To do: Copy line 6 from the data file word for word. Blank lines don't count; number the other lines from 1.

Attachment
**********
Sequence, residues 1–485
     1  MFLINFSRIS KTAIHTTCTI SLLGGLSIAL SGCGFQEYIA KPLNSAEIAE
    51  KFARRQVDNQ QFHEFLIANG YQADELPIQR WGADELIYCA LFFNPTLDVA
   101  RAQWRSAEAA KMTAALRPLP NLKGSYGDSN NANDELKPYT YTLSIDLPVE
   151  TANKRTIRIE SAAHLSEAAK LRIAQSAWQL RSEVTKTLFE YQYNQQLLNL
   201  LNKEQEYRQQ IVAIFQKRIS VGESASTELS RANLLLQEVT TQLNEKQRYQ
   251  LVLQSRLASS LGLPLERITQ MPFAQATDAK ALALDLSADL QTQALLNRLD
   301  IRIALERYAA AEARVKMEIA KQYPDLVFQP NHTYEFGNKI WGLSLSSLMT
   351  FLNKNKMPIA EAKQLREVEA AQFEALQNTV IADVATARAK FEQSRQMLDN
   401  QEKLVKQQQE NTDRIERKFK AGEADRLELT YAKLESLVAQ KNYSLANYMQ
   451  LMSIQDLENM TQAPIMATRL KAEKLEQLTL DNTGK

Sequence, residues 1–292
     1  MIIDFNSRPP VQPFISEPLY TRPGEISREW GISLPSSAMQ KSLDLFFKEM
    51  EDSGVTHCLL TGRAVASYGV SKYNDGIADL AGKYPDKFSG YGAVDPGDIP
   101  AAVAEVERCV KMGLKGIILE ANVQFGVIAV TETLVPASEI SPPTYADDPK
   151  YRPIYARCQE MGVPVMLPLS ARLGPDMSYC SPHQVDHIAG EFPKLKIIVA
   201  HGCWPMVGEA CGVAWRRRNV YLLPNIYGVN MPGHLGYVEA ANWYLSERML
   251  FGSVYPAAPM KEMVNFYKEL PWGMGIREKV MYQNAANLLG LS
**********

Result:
   201  LNKEQEYRQQ IVAIFQKRIS VGESASTELS RANLLLQEVT TQLNEKQRYQ